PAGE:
Juniper Bonsai

Juniper Bonsai

juniper bonsai

Someone once refered to the Juniper bonsai as “the artist’s canvas.” Junipers are so versatile, that a skilled bonsai artist can shape a Juniper into just about any style of bonsai. If you are new to bonsai, chances are, a Juniper will be one of the first bonsai trees you will encounter. With their finely textured foliage and rugged bark, a Juniper will convey the perfect impression of the wilderness in miniature. Junipers are easy to shape by pruning and wiring, and a juniper purchased from a nursery often already has dense branching, making it easy to shape it into a bonsai.


Genus Juniperus consists of 60 to 70 species which are distributed throughout the temperate and subtropical regions of the Northern Hemisphere. Junipers are popular as ornamental plants in gardens. The berries are known to have some medicinal value. They are also used to flavor food, but their best known use is to flavor gin.

In the wild, in dry or windy locations, Junipers have an unusual survival tactic. Junipers survive dry weather by dying back. Very old junipers may repeat this process over and over again. The dead branches lose their bark, and then are bleached by the sun and polished by sand and grit blown by the wind. The result is extensive masses of deadwood, and this is what makes very old junipers extremely attractive to bonsai enthusiasts.

juniper bonsai

Types of Juniper Suitable For Bonsai:

The Classics:

Juniperus Chinensis var. Sargenti: Sargent or Shimpaku Juniper

Juniperus Chinensis Prostrata: Prostrata Juniper, probably a crossbreed with Juniperus Squamata

Juniperus Chinensis “San Jose.” San Jose Juniper, also a Chinensis crossbreed.

Juniperus Procumbens: Japanese juniper, native to coastal regions of Japan. Sometimes classified as a subspecies of Juniperus Chinensis.

The following varieties are often collected by enthusiasts who live within or near the range where they grow naturally:

Juniperus Scopularum: Rocky Mountain Juniper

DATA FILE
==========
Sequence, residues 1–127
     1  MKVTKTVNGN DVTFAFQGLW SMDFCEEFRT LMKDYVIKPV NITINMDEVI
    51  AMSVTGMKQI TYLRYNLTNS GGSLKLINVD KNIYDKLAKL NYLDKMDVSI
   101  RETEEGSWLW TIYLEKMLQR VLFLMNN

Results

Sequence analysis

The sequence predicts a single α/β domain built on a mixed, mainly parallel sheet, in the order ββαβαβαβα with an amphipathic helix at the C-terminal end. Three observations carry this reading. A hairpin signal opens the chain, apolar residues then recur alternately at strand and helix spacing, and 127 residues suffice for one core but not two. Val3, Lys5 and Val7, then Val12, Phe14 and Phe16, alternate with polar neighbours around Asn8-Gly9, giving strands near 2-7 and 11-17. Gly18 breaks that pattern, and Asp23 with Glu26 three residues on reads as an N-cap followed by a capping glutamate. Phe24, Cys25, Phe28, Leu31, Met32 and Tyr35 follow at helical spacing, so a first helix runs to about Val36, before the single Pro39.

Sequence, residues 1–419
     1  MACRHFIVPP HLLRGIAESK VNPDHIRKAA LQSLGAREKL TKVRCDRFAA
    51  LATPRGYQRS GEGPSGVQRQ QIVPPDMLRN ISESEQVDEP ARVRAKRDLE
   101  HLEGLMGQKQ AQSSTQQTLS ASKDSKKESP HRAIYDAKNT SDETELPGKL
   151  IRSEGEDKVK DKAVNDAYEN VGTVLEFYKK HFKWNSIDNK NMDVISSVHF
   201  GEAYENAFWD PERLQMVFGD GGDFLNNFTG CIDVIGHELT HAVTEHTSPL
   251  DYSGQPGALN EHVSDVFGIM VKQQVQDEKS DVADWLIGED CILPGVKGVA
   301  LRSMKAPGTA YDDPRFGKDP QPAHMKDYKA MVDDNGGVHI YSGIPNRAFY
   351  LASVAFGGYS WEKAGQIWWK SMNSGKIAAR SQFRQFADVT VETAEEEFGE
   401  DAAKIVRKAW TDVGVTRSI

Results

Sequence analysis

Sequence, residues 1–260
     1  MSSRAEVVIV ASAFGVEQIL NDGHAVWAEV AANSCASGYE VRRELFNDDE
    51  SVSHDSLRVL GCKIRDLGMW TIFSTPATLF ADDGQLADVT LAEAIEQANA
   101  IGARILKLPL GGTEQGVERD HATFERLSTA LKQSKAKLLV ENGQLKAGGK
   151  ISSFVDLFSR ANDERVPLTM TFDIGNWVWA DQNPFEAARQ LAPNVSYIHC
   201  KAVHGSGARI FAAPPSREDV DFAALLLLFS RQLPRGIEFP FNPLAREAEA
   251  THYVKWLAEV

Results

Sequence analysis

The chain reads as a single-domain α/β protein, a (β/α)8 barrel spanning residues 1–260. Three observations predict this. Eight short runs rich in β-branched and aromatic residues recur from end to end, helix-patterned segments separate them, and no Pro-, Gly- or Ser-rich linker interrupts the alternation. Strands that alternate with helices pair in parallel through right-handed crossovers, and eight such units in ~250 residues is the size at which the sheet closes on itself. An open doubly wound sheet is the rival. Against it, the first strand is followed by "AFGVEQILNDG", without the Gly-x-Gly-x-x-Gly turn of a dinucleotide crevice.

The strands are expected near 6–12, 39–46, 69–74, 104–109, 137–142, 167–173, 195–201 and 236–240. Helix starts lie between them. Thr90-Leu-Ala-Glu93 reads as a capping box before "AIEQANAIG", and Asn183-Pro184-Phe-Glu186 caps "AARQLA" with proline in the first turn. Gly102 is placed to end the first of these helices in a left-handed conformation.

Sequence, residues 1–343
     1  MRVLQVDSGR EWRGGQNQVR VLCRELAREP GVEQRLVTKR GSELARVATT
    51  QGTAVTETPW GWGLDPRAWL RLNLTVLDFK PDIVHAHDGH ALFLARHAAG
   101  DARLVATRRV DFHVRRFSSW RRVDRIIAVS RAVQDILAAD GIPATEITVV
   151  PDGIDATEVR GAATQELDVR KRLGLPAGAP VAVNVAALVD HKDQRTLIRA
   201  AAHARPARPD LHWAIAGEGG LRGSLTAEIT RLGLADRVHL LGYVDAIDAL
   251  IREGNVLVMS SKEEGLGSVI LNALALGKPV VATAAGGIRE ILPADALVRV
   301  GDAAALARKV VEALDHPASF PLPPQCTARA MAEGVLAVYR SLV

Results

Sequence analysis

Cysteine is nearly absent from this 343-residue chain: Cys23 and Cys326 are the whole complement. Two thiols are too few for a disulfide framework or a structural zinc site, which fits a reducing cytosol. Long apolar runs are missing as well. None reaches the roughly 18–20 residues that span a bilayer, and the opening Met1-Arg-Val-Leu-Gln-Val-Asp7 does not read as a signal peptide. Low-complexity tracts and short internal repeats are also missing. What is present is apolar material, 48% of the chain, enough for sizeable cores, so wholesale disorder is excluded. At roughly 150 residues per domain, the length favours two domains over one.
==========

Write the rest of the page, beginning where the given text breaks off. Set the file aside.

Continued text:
Juniperus Californica: California Juniper

These are available to European Enthusiasts, and sometimes in American nurseries:

Juniperus Sabina: The cross between this and Juniperus Chinensis is known as Juniperus Pfitzer or Juniperus x Media.

Juniperus Communis: common Juniper, native to both Europe and North America

Juniperus Excelsa: Greek Juniper.

Juniperus Polycarpos: Persian Juniper.

juniper bonsai

Buy One or Make One?

If you are a beginner in bonsai, there are advantages to both strategies. If you buy a Juniper bonsai which is well styled, it can serve as a three dimensional model for you to learn how to style your other trees. However, there is some expense involved in purchasing an established bonsai, particularly one which is well styled. For a fraction of the cost, you can create your own. You will still need to buy a bonsai pot, though.

If you decide to create your own bonsai, you will need to go to a garden center, landscape nursery, or the garden department of your local “big box” store in order to purchase the raw material. There are several varieties of juniper available in nurseries, but the easiest one for beginners to work with is Juniperus Procumbens Nana, also called the Japanese Ground Juniper, Japanese Garden Juniper, or the “Green Mound” juniper. These Junipers are usually sold as ground cover in temperate climates, and are usually available in one gallon and five gallon sizes. Try to find one that has a thick trunk, and some strong upper branching that you can use to create the top of the tree. Buying a Prostrata or San Jose Juniper will give you a thicker trunk to begin with (especially if you purchase a five gallon specimen) but the coarser foliage means you will likely be creating a larger bonsai.

A note about this: just about all bonsai experts have two rules when shaping raw material: 1) Make the smallest bonsai you can from the raw material (this way you will get the thickest trunk); and 2) With that said, let the bonsai find its own size as you shape it for maximum beauty. Do not try to force your tree to a particular size.

Creating the Juniper Bonsai